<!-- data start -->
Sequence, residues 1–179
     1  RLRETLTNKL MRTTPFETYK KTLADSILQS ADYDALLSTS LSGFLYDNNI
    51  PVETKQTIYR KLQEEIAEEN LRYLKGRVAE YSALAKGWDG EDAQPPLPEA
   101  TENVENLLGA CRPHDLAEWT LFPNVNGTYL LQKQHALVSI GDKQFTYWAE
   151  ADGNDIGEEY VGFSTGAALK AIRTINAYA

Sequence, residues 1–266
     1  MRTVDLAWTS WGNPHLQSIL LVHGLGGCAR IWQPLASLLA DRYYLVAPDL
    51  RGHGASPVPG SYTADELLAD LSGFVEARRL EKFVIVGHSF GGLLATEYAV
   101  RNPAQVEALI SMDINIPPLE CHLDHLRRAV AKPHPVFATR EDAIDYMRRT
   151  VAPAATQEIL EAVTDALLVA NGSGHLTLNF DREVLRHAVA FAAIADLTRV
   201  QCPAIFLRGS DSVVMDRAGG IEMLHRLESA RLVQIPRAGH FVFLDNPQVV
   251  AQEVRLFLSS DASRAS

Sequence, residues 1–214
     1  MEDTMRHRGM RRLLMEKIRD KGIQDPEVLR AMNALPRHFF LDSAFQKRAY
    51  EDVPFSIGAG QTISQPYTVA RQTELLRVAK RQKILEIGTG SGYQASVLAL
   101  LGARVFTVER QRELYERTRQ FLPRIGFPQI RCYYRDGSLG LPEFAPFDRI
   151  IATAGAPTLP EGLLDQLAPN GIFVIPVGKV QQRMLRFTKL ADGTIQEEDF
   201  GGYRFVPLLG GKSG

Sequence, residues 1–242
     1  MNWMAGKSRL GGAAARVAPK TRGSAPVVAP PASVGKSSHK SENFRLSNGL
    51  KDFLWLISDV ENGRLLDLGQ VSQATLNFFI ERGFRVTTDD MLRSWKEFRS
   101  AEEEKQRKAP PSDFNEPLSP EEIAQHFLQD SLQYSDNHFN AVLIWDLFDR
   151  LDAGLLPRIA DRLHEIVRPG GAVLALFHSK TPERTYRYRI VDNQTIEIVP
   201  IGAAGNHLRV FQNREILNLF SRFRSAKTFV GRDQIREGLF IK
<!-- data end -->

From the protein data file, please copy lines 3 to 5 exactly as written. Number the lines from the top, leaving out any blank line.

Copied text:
    51  PVETKQTIYR KLQEEIAEEN LRYLKGRVAE YSALAKGWDG EDAQPPLPEA
   101  TENVENLLGA CRPHDLAEWT LFPNVNGTYL LQKQHALVSI GDKQFTYWAE
   151  ADGNDIGEEY VGFSTGAALK AIRTINAYA